If we have income inequality we are likely to have an increasingly asset focussed capitalist system. That is the demand for non productive assets and securitised indirect investment in productive capital should increase as demand for goods and services as a proportion of national income declines.
We should see asset prices rising relative to GDP as more of income is directed towards assets and less towards personal consumption expenditure and capital expenditure. This appears to have been the case and for a long while the impact of this trend was allayed via rising debt, falling savings and home equity withdrawals.
The following chart shows total household and NPO financial assets to GDP:
As you can see the ratio is at its highest level based on available data. So let us look at this data set against real GDP growth rates:
The red line is the average annual geometric real growth rate of GDP over rolling 5 year periods. We have real growth rates falling and asset values rising. Note the following chart showing total US debt (ex financial debt) growth over and above GDP growth as a percentage of GDP growth – all nominal – from 1945 to Q4 2013 (based on annual data up to 2012 and Q4 2013 data)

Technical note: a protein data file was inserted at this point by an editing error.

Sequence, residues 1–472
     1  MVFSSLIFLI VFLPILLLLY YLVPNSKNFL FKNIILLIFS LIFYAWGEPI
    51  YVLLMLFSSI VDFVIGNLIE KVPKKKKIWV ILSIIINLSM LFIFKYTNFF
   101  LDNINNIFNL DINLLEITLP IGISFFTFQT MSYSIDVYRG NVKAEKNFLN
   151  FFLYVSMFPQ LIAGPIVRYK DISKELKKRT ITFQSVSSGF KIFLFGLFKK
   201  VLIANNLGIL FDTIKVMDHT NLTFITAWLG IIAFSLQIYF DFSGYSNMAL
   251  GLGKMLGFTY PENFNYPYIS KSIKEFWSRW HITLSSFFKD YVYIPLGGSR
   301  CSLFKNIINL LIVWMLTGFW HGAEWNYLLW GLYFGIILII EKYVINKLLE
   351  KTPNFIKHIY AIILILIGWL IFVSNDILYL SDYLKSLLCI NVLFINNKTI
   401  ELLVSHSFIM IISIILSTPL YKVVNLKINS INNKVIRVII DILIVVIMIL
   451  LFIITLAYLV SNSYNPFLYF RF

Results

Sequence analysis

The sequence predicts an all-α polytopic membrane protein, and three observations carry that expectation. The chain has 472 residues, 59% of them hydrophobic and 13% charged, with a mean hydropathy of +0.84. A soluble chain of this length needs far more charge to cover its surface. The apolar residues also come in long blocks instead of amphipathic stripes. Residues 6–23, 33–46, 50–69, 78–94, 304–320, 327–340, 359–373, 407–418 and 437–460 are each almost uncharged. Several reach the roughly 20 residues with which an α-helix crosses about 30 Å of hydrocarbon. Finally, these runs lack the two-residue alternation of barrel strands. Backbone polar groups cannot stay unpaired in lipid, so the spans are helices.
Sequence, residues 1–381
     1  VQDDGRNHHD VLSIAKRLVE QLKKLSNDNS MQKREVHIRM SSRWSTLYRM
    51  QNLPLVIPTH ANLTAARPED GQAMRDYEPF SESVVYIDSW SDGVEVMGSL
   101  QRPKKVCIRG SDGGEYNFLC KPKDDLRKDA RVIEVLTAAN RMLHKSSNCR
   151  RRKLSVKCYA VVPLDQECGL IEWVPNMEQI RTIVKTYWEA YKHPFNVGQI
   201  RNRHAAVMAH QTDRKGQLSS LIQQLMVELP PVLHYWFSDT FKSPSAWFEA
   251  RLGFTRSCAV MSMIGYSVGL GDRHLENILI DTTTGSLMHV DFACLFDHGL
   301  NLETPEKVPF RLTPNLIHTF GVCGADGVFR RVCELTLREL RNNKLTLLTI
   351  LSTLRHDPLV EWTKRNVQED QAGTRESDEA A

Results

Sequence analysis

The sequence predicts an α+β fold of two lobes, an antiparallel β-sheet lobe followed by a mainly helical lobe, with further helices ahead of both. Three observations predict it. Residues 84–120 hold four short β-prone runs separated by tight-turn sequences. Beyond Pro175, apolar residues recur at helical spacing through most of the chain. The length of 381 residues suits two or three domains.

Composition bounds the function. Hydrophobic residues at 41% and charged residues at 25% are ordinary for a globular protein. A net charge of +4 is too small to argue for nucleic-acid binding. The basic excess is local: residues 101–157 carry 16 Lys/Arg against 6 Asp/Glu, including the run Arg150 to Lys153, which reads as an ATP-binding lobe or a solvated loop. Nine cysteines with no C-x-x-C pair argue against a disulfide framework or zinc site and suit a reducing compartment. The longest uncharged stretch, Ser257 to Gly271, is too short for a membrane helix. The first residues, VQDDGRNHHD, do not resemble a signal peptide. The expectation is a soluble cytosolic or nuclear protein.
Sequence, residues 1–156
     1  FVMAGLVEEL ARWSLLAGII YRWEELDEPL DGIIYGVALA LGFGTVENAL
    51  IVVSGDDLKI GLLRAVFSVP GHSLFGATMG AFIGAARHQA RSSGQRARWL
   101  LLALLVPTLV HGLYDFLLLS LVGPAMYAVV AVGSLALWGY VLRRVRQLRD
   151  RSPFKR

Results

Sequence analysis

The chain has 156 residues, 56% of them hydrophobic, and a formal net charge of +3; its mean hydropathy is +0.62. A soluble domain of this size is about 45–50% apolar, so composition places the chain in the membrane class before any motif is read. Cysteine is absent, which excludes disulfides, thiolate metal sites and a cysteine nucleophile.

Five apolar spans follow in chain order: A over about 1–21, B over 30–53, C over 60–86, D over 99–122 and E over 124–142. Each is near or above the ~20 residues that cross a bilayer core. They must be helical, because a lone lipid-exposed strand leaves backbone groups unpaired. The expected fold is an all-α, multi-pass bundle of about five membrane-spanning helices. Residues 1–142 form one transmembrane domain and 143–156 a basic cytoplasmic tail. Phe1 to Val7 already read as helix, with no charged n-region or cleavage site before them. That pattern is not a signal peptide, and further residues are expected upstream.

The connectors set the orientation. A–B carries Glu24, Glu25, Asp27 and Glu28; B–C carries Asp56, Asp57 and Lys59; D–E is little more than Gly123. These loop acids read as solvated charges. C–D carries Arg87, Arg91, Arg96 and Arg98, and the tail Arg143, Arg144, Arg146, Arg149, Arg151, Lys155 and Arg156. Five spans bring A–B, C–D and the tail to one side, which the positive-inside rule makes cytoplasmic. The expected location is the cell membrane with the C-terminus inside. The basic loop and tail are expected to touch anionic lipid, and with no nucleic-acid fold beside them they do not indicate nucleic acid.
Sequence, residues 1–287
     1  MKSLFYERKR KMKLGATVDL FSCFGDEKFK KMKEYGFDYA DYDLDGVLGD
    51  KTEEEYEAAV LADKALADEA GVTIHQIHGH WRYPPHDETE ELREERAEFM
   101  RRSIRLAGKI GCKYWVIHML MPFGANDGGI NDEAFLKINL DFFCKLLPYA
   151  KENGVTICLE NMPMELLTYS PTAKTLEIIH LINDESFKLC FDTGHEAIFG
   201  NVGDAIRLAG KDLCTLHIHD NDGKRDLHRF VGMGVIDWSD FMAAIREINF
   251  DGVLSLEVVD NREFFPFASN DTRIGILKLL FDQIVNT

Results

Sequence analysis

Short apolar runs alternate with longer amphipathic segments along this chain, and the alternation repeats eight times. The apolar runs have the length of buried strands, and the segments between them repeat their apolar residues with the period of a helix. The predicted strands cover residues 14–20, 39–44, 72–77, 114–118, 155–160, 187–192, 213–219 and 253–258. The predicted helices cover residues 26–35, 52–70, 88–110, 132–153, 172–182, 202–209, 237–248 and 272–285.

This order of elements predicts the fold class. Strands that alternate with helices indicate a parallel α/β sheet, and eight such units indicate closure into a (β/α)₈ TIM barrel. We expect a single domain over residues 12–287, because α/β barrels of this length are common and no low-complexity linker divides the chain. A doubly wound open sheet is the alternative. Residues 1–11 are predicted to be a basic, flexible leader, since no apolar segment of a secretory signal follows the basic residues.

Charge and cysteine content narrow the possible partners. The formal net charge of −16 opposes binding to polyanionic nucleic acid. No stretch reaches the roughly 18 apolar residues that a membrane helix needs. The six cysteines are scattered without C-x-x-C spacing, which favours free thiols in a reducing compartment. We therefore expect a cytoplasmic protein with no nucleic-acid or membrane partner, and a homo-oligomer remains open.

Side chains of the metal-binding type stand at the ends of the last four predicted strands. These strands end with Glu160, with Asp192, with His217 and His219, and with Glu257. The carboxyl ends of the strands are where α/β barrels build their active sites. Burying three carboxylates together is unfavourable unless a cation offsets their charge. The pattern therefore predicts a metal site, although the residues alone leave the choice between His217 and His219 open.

We can also trace the rise in asset values (supply x price) relative to per capital income. Again, based on Q3 data, this ratio is closing in historically high levels.
But if the we then flip the above a bit and represent the data in terms of real personal disposable income growth, we get an even more extreme picture. So we we are looking at the ratio of the data in the above graph to average annual growth in real PDI over rolling 5 year periods. This ratio is at an extreme historical high:
But profits are at extremely high levels, so let us look at the financial asset ratio to profits:
And then flip this data in terms of capital expenditure:
This ratio stands at its highest level since the 1950s. But we can also see that growth in Capex dominated growth in assets up to the 1980s:
And more formally, perhaps the most damning chart of all: